The 2015 Speech Industry Star Performers: Microsoft
Microsoft Is Breaking Barriers with Cortana
Microsoft first launched Cortana, its speech-enabled digital assistant, in the United States in April 2014. Since then, it has brought the product to China, India, Australia, and various European countries.
Beyond its geographic expansion, Microsoft is also taking its Halo-inspired helper to other platforms and devices. The company brought Cortana to mobile devices running on Google's Android platform in June and expects to have a version for Apple's iOS later this year. It is also working to endow Cortana with even greater proactive and predictive capabilities, starting with the ability to determine user intent.
Cortana is also being expanded to bring voice control to several products around the home. An Insteon app for Windows Phone 8.1, for example, lets users employ Cortana's voice recognition through their mobile phones to lock and unlock doors, turn the lights on and off, and adjust the thermostat. With Cortana, users of the Insteon home automation hub can manipulate over 200 connected devices.
And, through a deal with Telefonica, subscribers to the telecommunications company's Movistar TV Go service will be able to use their Windows phones and Cortana to search for and access TV content with simple voice commands.
Steven Guggenheimer, a corporate vice president and chief evangelist at Microsoft, says Cortana's potential goes far beyond just performing voice-activated commands. Cortana, he says, continually learns about each user and becomes increasingly personalized, with the ultimate goal of proactively performing the right tasks at the right time.
Microsoft's innovations around the technology don't end there, though. As part of its Project Oxford initiative, Microsoft is working to dramatically improve its speech recognition and text-to-speech capabilities through advances in machine learning, neural networking, language understanding, and artificial intelligence. Project Oxford provides a portfolio of representational state transfer application programming interfaces (APIs) and software development kits to enable developers to add speech, language understanding, facial recognition, and computer vision to their own applications.
On the speech side, the APIs cover speech recognition, speech intent recognition, and text-to-speech conversion.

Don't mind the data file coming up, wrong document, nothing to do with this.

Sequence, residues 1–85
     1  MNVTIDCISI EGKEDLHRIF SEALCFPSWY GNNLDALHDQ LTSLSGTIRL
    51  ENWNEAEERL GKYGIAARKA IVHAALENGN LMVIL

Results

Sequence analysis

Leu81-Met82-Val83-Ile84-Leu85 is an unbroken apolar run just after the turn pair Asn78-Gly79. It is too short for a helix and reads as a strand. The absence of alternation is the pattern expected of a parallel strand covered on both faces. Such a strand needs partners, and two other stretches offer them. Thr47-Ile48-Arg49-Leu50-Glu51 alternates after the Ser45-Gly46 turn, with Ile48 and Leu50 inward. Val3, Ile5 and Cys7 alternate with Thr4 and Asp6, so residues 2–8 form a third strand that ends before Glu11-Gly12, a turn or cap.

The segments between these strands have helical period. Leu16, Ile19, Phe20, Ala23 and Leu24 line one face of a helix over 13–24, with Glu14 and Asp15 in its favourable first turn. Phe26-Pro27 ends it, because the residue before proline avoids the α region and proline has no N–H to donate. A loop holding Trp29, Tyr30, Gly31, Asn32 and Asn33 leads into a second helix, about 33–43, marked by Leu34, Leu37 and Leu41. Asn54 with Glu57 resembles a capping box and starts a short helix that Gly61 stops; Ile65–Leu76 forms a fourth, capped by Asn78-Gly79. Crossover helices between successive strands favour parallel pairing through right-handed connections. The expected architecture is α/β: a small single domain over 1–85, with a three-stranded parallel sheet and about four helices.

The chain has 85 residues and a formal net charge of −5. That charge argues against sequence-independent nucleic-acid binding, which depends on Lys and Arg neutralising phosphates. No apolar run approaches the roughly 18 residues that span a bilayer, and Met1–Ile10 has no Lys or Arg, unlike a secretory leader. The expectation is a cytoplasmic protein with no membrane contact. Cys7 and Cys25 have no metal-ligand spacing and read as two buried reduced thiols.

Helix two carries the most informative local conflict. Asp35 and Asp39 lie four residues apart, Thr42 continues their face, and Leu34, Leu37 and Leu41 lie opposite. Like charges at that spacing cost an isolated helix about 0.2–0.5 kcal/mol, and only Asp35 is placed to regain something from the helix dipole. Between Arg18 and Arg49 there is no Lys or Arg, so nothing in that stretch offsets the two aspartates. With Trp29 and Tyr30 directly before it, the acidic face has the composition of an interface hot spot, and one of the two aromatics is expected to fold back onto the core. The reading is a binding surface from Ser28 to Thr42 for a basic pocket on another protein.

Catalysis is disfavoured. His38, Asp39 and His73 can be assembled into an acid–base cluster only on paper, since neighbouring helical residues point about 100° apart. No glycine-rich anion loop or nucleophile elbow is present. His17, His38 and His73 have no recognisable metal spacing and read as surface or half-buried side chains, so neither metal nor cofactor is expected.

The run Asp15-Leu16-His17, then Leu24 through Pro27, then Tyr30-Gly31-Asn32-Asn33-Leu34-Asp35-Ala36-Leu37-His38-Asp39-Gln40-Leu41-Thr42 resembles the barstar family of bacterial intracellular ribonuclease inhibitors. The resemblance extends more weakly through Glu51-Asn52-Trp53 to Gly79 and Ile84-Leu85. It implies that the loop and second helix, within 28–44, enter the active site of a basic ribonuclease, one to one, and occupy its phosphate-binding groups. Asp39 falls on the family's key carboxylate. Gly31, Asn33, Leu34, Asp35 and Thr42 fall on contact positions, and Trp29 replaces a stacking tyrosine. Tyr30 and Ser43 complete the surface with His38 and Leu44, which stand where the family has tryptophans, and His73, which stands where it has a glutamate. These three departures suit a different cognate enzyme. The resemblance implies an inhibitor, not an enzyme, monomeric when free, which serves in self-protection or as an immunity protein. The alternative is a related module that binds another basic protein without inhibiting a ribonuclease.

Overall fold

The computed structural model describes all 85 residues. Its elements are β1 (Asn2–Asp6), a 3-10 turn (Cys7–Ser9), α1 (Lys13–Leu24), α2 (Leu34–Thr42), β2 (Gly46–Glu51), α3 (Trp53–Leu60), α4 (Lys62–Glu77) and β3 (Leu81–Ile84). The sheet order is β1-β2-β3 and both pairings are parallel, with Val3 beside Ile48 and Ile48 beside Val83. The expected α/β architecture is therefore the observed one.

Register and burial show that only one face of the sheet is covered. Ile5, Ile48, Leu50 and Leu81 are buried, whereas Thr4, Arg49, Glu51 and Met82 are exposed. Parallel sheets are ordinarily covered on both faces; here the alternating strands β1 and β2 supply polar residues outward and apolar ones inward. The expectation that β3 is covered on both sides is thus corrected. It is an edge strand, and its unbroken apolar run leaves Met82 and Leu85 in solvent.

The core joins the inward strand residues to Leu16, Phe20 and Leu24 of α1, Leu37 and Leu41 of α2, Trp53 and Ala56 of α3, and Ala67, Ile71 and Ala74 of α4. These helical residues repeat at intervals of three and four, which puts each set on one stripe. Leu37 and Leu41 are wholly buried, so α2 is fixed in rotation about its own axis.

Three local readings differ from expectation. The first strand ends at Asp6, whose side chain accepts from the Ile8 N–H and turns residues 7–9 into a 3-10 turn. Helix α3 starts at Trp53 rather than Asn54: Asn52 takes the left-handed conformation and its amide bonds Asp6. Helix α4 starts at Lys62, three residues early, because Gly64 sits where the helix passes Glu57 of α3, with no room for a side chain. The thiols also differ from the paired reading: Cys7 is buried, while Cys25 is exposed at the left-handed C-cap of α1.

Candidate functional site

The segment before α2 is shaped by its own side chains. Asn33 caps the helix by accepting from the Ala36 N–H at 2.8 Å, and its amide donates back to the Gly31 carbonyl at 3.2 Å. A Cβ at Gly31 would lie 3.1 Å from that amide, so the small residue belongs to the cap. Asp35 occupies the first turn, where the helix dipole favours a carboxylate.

Another element of Project Oxford is the Language Understanding Intelligent Service (LUIS), which allows developers to add language understanding to applications. Users can create their own language understanding models or use prebuilt models from Bing and Cortana; deploy those models to HTTP end points or on phones, tablets, or other Internet-connected devices; and review commands spoken to applications to spot and correct errors.
Those same technologies are also being brought to bear in Microsoft's Skype Translator, a speech-driven communications program that can translate conversations in real time. Since releasing Skype Translator in preview form in December, Microsoft has done a lot with the technology. Users can now add speech recognition warnings to alert them when the translator is having a hard time understanding the speaker. They can also add text-to-speech recognition, allowing them to switch between text-to-speech and speech-to-speech translation. Microsoft has added Mandarin Chinese and Italian to the spoken languages available.
Some of the other changes in the latest version of Skype Translator include the following:
- text-to-speech translation, with the option to hear the instant messages people send in any supported language;
- continuous recognition as the person is speaking;
- automatic volume control; and
- a mute option for translated voice, enabling users to turn the translated audio off if they would prefer to simply read the transcript.
Skype Translator also employs advanced machine learning through deep neural networking to improve translations over time.
"While speech recognition has been an important research topic for decades, widespread adoption of the technology had been stymied by high error rates and sensitivity to speaker variation, noise conditions, etc.," Microsoft group program managers Mo Ladha and Chris Wendt wrote in a blog post. "The advent of deep neural networks for speech recognition...dramatically reduced error rates and improved robustness, finally enabling the use of this technology in broad contexts, such as Skype Translator."